Sitka National Cemetery
Beautiful and secluded, the nearly 150 year old Sitka National Cemetery is nestled in the mountains of Sitka, Alaska, a town only accessible by air, marine highway, or weekly ferry from Seattle, Washington. Once nearly abandoned, the cemetery is now the resting place of "The World's Fastest Human" and is attached to an old romantic legend. Just outside the heart of town, the cemetery is one of many historic spots to visit in Sitka.
Backstory and Context
One particular headstone in the cemetery is connected to an old Sitka legend involving a romantic entanglement. According to the story, two close friends, a captain and a lieutenant, were both courting a beautiful Russian girl that lived in the town. One day the friends left on a hunting trip together but only the captain returned, carrying the lifeless body of his friend. The captain claimed there had been a horrible accident and the lieutenant had shot himself by mistake. Soon after, the captain was also found dead, lying atop a note that explained what really happened: he had challenged his dear friend to a duel over who would win the Russian girl. But she refused him and after already murdering his friend, the captain no longer wanted to live. The slain lieutenant is said to be one of Sitka National Cemetery's first burials.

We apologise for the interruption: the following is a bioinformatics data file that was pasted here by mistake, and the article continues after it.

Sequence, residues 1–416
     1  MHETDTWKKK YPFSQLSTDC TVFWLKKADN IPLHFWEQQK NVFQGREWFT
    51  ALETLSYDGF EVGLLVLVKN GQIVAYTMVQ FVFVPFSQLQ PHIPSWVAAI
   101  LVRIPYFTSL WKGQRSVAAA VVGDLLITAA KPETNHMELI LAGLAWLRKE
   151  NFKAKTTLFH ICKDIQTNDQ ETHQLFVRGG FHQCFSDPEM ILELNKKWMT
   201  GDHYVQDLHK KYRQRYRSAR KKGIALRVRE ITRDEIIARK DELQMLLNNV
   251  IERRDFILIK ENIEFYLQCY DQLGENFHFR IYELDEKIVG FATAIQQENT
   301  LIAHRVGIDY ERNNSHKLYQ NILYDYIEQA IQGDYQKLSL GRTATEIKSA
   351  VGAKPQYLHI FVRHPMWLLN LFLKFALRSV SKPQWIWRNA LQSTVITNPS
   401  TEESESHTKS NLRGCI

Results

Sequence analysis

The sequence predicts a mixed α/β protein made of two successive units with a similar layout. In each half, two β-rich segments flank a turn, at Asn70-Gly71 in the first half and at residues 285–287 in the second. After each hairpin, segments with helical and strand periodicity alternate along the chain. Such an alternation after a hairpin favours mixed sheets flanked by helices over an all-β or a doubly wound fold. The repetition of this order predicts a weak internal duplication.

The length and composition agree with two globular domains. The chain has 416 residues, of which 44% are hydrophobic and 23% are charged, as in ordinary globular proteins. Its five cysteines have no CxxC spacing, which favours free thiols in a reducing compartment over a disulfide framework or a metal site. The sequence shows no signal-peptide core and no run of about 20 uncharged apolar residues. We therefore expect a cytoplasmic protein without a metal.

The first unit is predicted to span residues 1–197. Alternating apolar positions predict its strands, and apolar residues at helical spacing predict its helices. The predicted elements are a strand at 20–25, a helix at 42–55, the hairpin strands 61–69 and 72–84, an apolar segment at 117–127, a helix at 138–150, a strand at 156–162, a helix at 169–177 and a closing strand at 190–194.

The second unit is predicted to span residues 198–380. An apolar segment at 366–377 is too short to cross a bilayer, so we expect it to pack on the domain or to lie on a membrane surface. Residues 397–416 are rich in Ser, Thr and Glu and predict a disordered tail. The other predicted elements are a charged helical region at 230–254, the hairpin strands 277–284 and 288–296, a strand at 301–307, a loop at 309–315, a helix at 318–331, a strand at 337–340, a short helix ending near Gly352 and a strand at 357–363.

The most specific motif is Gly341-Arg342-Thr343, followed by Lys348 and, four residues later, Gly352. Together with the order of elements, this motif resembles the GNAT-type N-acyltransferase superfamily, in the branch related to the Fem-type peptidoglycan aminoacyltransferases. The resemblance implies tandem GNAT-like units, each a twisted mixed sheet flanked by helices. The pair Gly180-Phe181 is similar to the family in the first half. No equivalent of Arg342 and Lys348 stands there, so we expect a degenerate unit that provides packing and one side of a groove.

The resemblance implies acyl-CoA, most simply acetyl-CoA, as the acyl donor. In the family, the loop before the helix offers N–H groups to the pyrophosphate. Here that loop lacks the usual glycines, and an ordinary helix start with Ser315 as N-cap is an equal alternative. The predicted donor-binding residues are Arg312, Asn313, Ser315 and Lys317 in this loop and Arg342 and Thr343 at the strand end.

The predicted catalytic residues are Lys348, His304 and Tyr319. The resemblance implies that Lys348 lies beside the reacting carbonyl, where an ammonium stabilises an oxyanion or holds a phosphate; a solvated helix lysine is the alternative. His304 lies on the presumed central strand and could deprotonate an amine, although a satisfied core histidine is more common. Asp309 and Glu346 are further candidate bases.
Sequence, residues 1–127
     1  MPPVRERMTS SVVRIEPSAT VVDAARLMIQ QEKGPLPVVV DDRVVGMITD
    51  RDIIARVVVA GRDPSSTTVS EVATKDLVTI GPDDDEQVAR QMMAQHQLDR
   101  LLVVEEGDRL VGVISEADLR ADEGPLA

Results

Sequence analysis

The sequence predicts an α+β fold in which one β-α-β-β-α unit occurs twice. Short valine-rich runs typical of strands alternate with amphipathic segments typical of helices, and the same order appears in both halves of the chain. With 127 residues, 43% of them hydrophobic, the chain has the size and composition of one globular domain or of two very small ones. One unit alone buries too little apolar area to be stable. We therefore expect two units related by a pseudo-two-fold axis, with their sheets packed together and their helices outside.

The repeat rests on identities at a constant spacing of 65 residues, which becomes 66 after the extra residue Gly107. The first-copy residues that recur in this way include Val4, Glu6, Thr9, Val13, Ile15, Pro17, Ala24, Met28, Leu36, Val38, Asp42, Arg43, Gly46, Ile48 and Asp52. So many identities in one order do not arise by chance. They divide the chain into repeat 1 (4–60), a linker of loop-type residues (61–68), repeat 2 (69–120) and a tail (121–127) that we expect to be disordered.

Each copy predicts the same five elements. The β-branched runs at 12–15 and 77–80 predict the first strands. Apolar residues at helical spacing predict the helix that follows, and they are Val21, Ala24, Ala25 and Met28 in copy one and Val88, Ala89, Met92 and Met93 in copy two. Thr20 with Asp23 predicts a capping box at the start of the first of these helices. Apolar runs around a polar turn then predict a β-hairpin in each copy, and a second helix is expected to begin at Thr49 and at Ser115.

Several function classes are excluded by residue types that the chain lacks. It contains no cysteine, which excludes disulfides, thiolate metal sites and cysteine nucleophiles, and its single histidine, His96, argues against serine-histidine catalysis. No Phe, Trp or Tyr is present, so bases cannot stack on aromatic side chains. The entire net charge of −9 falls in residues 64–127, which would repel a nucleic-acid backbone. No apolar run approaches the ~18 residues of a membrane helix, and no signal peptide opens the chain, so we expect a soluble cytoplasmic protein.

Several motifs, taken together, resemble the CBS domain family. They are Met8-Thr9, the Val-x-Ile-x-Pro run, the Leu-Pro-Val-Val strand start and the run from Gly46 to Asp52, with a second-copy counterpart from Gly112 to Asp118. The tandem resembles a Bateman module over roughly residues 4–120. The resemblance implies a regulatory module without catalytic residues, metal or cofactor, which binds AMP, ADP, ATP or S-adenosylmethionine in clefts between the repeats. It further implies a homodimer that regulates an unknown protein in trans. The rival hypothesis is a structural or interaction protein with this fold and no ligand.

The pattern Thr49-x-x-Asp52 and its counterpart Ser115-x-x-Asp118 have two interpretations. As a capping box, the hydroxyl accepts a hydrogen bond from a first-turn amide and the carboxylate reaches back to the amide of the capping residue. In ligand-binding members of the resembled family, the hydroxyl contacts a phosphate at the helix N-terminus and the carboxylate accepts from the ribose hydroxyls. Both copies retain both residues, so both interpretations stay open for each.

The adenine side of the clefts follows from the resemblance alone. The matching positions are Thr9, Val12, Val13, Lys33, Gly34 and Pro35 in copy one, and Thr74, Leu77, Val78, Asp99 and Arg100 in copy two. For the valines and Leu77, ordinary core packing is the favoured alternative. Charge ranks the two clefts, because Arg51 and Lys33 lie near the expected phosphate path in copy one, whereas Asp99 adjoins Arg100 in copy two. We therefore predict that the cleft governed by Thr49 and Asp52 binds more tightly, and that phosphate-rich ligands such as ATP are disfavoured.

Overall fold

Now sprawled over 4.3 acres, the cemetery houses a few other interesting and notable burials. John Green Brady, governor of the Territory of Alaska from 1897 to 1906, is buried here. Staff Sergeant Archie Van Winkle, a Medal of Honor recipient, has a memorial headstone in the historical section of the cemetery. Charles William Paddock, an Olympic Gold Medalist and U.S. Marine Corps veteran, also known as "The World's Fastest Human," was also laid to rest here after a military plane crash in 1943. There are two cannons serving as a memorial for all those interred.